By Matt Fraction (writer), Russ Heath, Nick Drgotta, Mike Allred, Laura Allred, Lewis LaRosa, Stefano Gaudiano, Matt Hollingsworth, Mitch Breitweiser (artists)

What a wonderful book. I always wondered what Iron Fist would be like if Ed Brubaker wasn’t around. Thankfully, it’s just as good, which gives Matt Fraction the “street cred” he so rightfully deserves. This one-shot centers around John Aman, The Prince of Orphans, and his pursuit of Orson Randall, an earlier version of Iron Fist.

The story’s broken up into four parts – each centering on a different time. For instance, part one is pure Golden Age Iron Fist – something that was briefly touched upon in the series. Here, we see more of his group, the Confederates of the Curious. They’re a fascinating team that very much resembles a circus act. I’m hoping we get a mini-series of their exploits down the line. The art teams on this issue are to be commended for rendering each of their sequences to match the era; it’s crazy because this book jumps all over the place. It feels nostalgic in essence – moving from Victorian to western to horror eras. It should feel uneven and chaotic, but some how Fraction makes it all gel.

As the story progresses, it skips through time. We meet Wendell Rand, father of current Iron Fist, Danny Rand, and we see him grow up and study Orson’s techniques. Eventually, Wendell ends up shot and Orson brings him to the most unlikeliest of places to have his wounds fixed – Frankenstein’s castle! But, in a stunning turn of events, the Aman comes to Orson and Danny’s rescue and from there, the entire story and relationship between the two men changes.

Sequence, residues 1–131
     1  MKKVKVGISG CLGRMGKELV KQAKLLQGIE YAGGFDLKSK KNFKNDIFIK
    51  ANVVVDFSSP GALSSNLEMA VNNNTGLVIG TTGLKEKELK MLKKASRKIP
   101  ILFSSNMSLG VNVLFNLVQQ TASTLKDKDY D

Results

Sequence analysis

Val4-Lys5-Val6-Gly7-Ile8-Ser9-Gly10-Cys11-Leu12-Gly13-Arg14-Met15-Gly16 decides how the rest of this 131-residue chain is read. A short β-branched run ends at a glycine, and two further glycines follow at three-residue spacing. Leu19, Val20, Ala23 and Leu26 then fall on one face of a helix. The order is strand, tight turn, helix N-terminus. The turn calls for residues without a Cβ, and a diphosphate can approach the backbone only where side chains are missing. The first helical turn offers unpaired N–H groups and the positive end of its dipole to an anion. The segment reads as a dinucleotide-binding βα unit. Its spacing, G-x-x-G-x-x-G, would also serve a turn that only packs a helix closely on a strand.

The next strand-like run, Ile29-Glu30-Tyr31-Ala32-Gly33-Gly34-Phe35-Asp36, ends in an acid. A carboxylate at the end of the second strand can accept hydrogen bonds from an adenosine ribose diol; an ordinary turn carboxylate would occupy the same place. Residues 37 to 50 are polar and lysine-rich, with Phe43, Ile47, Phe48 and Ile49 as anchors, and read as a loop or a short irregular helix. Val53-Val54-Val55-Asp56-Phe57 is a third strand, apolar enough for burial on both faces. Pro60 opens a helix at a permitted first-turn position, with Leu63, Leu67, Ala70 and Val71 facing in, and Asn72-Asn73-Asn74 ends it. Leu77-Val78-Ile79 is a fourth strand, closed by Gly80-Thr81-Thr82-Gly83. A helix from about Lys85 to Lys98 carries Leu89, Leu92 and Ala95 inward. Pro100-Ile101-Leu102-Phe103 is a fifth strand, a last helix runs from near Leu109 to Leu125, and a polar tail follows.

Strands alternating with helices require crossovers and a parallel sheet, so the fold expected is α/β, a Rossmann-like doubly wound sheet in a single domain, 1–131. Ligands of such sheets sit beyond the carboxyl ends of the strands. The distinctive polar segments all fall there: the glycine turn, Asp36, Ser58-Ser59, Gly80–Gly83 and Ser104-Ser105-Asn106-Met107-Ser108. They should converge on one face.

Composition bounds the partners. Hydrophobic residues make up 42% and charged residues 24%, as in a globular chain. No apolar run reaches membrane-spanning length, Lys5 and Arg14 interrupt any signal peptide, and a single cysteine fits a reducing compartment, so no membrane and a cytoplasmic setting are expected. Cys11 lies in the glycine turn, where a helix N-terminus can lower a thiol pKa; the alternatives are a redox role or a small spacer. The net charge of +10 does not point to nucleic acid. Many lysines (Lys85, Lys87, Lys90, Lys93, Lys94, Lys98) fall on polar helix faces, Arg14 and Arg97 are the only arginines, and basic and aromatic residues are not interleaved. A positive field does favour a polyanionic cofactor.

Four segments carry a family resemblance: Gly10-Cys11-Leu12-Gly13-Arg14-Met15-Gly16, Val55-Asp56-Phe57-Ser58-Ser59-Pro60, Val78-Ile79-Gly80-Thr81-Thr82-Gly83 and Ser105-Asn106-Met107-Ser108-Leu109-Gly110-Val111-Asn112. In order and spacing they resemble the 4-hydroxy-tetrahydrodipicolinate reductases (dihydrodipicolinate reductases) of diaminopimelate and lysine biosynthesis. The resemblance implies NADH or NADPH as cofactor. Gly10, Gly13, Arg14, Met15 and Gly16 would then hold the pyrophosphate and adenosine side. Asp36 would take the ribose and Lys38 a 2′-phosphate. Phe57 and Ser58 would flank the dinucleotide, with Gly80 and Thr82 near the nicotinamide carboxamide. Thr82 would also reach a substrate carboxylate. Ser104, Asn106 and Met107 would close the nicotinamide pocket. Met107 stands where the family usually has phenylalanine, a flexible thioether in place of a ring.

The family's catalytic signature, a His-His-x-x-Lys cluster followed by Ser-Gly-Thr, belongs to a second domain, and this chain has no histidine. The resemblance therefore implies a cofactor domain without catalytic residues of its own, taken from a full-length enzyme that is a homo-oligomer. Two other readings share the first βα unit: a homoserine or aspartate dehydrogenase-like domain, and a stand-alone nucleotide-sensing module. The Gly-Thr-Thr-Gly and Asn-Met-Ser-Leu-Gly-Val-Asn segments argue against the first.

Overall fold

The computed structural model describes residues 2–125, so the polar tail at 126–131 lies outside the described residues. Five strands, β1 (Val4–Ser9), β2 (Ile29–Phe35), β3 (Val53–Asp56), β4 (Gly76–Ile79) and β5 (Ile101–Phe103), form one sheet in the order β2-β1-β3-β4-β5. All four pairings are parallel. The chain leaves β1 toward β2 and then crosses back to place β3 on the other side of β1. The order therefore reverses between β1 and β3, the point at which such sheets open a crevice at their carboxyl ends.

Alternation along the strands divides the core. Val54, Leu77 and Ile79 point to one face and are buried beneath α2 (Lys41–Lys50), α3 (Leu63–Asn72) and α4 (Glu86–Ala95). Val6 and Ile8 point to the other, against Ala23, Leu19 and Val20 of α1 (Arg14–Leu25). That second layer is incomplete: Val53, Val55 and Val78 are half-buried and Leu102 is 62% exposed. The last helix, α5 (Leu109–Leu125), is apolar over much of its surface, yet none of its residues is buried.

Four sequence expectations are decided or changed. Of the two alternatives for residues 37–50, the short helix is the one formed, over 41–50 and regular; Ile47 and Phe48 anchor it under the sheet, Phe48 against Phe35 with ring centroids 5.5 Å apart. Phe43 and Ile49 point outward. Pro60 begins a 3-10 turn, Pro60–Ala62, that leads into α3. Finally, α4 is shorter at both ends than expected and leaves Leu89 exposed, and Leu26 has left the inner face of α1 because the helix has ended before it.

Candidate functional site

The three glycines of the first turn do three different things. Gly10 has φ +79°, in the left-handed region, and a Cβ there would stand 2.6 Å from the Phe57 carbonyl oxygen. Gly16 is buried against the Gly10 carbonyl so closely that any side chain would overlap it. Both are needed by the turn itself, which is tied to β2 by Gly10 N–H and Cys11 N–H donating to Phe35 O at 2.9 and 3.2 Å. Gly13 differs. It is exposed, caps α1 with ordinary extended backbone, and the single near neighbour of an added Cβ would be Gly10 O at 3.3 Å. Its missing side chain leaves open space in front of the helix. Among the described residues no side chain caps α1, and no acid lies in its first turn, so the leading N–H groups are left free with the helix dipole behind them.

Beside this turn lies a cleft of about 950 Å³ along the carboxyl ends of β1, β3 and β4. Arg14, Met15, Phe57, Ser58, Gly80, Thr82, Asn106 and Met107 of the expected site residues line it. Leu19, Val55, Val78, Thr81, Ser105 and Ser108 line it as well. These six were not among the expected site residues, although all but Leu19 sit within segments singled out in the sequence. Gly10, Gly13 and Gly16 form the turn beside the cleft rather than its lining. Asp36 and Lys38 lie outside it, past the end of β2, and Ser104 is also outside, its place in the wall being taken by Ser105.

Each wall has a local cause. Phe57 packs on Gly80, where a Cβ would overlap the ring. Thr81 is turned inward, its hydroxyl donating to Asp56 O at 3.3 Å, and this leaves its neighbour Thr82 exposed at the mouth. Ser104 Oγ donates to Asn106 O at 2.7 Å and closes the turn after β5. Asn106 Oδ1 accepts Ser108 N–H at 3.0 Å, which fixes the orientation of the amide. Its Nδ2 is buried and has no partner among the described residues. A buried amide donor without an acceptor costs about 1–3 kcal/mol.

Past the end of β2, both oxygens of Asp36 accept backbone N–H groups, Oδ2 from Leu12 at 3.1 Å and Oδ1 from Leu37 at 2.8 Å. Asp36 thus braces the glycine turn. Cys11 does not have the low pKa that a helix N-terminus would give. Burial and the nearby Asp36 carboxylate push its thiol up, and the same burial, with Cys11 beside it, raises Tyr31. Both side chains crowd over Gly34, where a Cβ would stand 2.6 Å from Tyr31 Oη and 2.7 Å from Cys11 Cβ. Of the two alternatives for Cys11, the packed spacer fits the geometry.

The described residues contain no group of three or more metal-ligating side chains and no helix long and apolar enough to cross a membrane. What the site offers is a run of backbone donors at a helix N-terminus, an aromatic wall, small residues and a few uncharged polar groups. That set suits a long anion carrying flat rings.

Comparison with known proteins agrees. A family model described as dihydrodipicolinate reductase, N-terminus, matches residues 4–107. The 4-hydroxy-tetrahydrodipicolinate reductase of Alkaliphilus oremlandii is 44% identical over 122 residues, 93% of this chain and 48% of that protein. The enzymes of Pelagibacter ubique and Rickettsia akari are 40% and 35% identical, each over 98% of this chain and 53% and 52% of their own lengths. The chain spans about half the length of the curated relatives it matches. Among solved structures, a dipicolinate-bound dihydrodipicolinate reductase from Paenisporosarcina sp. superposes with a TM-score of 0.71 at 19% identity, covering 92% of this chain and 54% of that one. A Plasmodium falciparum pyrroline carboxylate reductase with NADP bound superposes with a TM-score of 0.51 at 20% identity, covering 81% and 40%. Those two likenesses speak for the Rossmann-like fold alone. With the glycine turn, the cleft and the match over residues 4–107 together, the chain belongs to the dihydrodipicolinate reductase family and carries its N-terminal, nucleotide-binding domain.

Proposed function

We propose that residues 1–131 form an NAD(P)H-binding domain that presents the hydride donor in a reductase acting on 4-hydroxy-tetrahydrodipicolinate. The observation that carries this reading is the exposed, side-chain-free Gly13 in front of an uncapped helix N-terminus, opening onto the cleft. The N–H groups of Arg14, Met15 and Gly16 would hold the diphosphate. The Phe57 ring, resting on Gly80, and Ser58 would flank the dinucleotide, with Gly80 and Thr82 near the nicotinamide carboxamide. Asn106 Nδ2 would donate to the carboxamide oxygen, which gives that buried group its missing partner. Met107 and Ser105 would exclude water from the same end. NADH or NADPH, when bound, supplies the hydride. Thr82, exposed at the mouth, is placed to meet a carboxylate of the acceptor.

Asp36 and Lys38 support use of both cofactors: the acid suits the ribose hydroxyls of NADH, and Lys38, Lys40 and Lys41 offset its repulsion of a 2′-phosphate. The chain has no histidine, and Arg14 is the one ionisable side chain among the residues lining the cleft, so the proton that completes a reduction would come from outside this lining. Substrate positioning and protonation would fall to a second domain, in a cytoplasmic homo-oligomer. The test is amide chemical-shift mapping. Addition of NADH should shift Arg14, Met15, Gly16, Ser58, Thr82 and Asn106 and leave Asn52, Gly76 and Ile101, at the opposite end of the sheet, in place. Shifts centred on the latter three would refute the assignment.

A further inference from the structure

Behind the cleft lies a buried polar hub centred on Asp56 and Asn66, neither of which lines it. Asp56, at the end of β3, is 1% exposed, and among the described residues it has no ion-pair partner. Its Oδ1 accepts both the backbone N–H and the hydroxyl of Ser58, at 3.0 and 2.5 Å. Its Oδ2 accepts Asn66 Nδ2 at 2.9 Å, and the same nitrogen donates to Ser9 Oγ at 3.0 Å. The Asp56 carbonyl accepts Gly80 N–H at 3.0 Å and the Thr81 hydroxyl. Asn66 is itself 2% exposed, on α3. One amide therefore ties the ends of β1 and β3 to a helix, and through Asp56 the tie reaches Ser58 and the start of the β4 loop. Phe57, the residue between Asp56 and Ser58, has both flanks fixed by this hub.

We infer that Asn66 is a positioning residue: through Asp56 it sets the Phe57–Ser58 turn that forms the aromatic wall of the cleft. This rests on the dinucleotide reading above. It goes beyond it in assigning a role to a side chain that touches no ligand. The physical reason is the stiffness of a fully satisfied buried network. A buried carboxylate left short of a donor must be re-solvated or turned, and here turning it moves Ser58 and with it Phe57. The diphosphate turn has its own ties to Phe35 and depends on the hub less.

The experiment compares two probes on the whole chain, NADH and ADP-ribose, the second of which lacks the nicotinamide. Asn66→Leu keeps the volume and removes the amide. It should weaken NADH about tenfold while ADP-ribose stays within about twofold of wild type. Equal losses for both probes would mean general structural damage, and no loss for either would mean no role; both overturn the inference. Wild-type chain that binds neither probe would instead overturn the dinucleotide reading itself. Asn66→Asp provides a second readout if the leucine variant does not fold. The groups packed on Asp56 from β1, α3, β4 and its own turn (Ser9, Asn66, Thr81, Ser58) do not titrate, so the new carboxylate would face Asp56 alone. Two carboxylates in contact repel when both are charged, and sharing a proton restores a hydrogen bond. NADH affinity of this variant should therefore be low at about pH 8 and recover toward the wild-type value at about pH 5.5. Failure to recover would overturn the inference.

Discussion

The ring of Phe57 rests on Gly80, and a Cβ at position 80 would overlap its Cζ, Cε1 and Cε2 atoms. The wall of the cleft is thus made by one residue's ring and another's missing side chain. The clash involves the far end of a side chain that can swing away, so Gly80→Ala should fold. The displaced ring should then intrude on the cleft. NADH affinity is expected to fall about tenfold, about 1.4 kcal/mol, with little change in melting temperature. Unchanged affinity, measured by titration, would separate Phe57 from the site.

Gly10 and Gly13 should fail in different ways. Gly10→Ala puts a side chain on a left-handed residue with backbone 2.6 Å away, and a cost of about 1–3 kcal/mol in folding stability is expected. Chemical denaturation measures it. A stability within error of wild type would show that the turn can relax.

This issue answers a lot of questions currently being addressed in the current Iron Fist series. It also offers a wealth of information and backstory to Iron Fist mythos. Iron Fist was never this rich of a character (in terms of history and depth) until Ed Brubaker and Matt Fraction restarted his series. Here, Fraction goes the extra mile, painting a lush tale and bringing so many mysterious characters to life. This is one of the best Iron Fist stories ever. (Grade: A+)

– J. Montes

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